13. Characterization of microbial and chemical composition of shuttle wet waste with permanent gas and volatile organic compound analyses

    NASA Technical Reports Server (NTRS)

    Peterson, B. V.; Hummerick, M.; Roberts, M. S.; Krumins, V.; Kish, A. L.; Garland, J. L.; Maxwell, S.; Mills, A.

    2004-01-01

    Solid-waste treatment in space for Advanced Life Support, ALS, applications requires that the material can be safely processed and stored in a confined environment. Many solid-wastes are not stable because they are wet (40-90% moisture) and contain levels of soluble organic compounds that can contribute to the growth of undesirable microorganisms with concomitant production of noxious odors. In the absence of integrated Advanced Life Support systems on orbit, permanent gas, trace volatile organic and microbiological analyses were performed on crew refuse returned from the volume F "wet" trash of three consecutive Shuttle missions (STS-105, 109, and 110). These analyses were designed to characterize the short-term biological stability of the material and assess potential crew risks resulting from microbial decay processes during storage. Waste samples were collected post-orbiter landing and sorted into packaging material, food waste, toilet waste, and bulk liquid fractions deposited during flight in the volume F container. Aerobic and anaerobic microbial loads were determined in each fraction by cultivation on R2A and by acridine orange direct count (AODC). Dry and ash weights were performed to determine both water and organic content of the materials. Experiments to determine the aerobic and anaerobic biostability of refuse stored for varying periods of time were performed by on-line monitoring of CO2 and laboratory analysis for production of hydrogen sulfide and methane. Volatile organic compounds and permanent gases were analyzed using EPA Method TO15 by USEPA et al. [EPA Method TO15, The Determination of Volatile Organic Compounds (VOCs) in Ambient Air using SUMMA, Passivated Canister Sampling and Gas Chromatographic Analysis,1999] with gas chromatography/mass spectrometry and by gas chromatography with selective detectors. These baseline measures of waste stream content, labile organics, and microbial load in the volume F Shuttle trash provide data for waste subsystem analysis and atmospheric management within the ALS Project. Published by Elsevier Ltd on behalf of COSPAR.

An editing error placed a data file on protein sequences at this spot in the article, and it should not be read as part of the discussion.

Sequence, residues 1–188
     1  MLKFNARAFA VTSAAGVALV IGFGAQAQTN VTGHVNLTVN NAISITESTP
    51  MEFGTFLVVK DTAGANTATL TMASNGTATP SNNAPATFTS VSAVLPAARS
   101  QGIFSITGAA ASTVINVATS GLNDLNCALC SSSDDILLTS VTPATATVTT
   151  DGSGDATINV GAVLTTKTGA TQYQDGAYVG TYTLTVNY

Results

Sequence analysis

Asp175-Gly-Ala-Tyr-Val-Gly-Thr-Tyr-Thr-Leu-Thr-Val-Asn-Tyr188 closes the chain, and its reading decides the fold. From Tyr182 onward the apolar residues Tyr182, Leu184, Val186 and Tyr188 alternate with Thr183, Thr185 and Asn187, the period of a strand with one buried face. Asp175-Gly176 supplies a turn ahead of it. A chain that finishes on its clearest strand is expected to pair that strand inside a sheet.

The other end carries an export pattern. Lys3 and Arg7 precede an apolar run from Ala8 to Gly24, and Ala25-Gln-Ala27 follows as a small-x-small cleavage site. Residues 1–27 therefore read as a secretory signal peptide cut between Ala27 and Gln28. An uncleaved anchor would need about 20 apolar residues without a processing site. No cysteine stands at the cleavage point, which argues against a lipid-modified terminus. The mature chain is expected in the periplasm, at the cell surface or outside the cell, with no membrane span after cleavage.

14. Chemical mechanism of dioxygen activation by manganese(III) Schiff base compound in the presence of aliphatic aldehydes

    Microsoft Academic Search

    Miyuki Suzuki; Takashi Ishikawa; Akihiko Harada; Shigeru Ohba; Masatomi Sakamoto; Yuzo Nishida

    1997-01-01

    The manganese(III) complexes with tetradentate Schiff base [H2(L)] derived from salicylaldehyde and 2-amino-1-benzylamine [abbreviated as H2(salabza)], ethylenedimaine and 2-hydroxybenzophenone [H2(7-Phe-salen)], ethylenediamine and 2-hydroxyacetophenone [H2(7-Me-salen)] showed much higher activity for degradation of tetraphenylcyclopentadienone(TCPN) the singlet oxygen (1?g) scavenger, in the presence of cyclohexanecarboxaldehyde than those of the compounds with H2(salen) and H2(salphen), which are derived from salicyaldehyde and ethylenediamine, and o-phenylenediamine,

  15. Identifying an interaction site between MutH and the C-terminal domain of MutL by crosslinking, affinity purification, chemical coding and mass spectrometry

    PubMed Central

    Ahrends, Robert; Kosinski, Jan; Kirsch, Dieter; Manelyte, Laura; Giron-Monzon, Luis; Hummerich, Lars; Schulz, Oliver; Spengler, Bernhard; Friedhoff, Peter

    2006-01-01

    To investigate protein–protein interaction sites in the DNA mismatch repair system we developed a crosslinking/mass spectrometry technique employing a commercially available trifunctional crosslinker with a thiol-specific methanethiosulfonate group, a photoactivatable benzophenone moiety and a biotin affinity tag. The XACM approach combines photocrosslinking (X), in-solution digestion of the crosslinked mixtures, affinity purification via the biotin handle (A), chemical coding of the crosslinked products (C) followed by MALDI-TOF mass spectrometry (M). We illustrate the feasibility of the method using a single-cysteine variant of the homodimeric DNA mismatch repair protein MutL. Moreover, we successfully applied this method to identify the photocrosslink formed between the single-cysteine MutH variant A223C, labeled with the trifunctional crosslinker in the C-terminal helix and its activator protein MutL. The identified crosslinked MutL-peptide maps to a conserved surface patch of the MutL C-terminal dimerization domain. These observations are substantiated by additional mutational and chemical crosslinking studies. Our results shed light on the potential structures of the MutL holoenzyme and the MutH–MutL–DNA complex. PMID:16772401